However complex our ultimate acts, they are open to classification, and resolve themselves into certain general principles which long since were recognized and named. Liberty, justice, love—we all know these and others, and can promptly square a given act by some familiar principle. The sense of justice develops very early, and may be used as a basis for a large range of conduct. "To play fair" can be early taught. "That isn't fair!" is one of a child's earliest perceptions. "When I want to go somewhere, you say I'm too little; and, when I cry, you say I'm too big! It isn't fair!" protests the child..

In training a child in the perception and practice of justice, we should always remember that the standard must suit the child's mind, not ours. What to our longer, wider sweep of vision seems quite just, to him may seem bitterly unjust ; and, if we punish a child in a way that seems to him unjust, he is unjustly punished. So the instructor in ethics must have an extended knowledge of the child's point of view—that of children in general and of the child being instructed in particular, and the illustrations measured accordingly. It ought to be unnecessary to remark that no more passion should be used in teaching ethics than in teaching arithmetic. The child will make mistakes, of course. We know that beforehand, and can largely provide for them. It is for us to arrange his successive problems so that they are not too rapid or too difficult, and to be no more impatient or displeased at a natural slip in this line of development than in any other.

Unhappily, it is just here that we almost always err. The child's slowly accumulating perceptions and increasing accuracy of _expression are not only confused by our erroneous teaching, but greatly shocked and jarred by our manner, our evident excitement in cases of conduct which we call "matters of right and wrong." All conduct is right or wrong. A difference in praise or blame belongs to relative excellence of intention or of performance ; but the formation of a delicate and accurate conscience is sadly interfered with by our violent feelings. It is this which renders ethical action so sensitive and morbid. Where in other lines we act calmly, according to our knowledge, or, if we err, calmly rectify the error, in ethics we are nervous, vacillating, unduly elated or depressed, because our early teachings in this field were so overweighted with intense feeling.

Self-control is one of the first essentials in the practice of ethics—which is to say, in living. Self-control can be taught a child by gently graduated exercises, so that he shall come calmly into his first kingdom, and exercise this normal human power without self-consciousness. We do nothing actively to develop this power. We simply punish the lack of it when that lack happens to be disagreeable to us. A child who has "tantrums," for instance—those helpless, prostrate passions of screaming and kicking—is treated variously during the attack; but nothing is done during the placid interval to cultivate the desired power of control. Self-control is involved in all conscious acts. There-fore, it should not be hard to so arrange and relate those acts as to steadily develop the habit.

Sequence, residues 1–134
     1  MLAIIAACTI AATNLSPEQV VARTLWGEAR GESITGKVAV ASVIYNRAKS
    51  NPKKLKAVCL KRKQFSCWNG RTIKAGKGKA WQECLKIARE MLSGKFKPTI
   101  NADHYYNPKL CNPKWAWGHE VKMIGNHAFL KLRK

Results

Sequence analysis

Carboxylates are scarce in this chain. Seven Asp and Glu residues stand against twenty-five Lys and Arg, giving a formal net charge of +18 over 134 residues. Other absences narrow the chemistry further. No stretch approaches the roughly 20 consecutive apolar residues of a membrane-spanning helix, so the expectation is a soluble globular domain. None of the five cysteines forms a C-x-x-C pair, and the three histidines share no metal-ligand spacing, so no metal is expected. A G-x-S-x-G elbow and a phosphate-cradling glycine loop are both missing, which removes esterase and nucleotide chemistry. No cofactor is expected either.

Games in varying degree require further exertion of self-control, and games are the child's daily lessons. The natural ethical sense of humanity is strongly and early shown in our games. It is a joy to us to learn "the rules" and play according to them, or to a maturer student to grasp the principles and work them out; and our quick condemnation of the poor player or the careless player, and our rage at him who "does not play fair," show how naturally we incline to right conduct. Life is a large game, with so many rules that it is very hard to learn by them; but its principles can be taught to the youngest. When we rightly understand those principles, we can leave off many arbitrary rules, and greatly simplify the game. The recognition of the rights of others is justice, and comes easily to the child. The generosity which goes beyond justice is also natural to the child in some degree, and open to easy culture. It should, however, always rest on its natural precursor, justice; and the child be led on to generosity gradually, and by the visible example of the higher pleasure involved.

To divide the fruit evenly is the first step. To show that you enjoy giving up your share, that you take pleasure in his pleasure, and then, when this act is imitated, to show such delight and gratitude as shall make the baby mind feel your satisfaction—that is a slow but simple process. We usually neglect the foundation of justice, and then find it hard to teach loving-kindness to the young mind. Demands on the child's personal surrender and generosity should be made very gradually, and always with a clearly visible cause. Where any dawning faculty is overstrained in youth, it is hard and slow to re-establish the growth.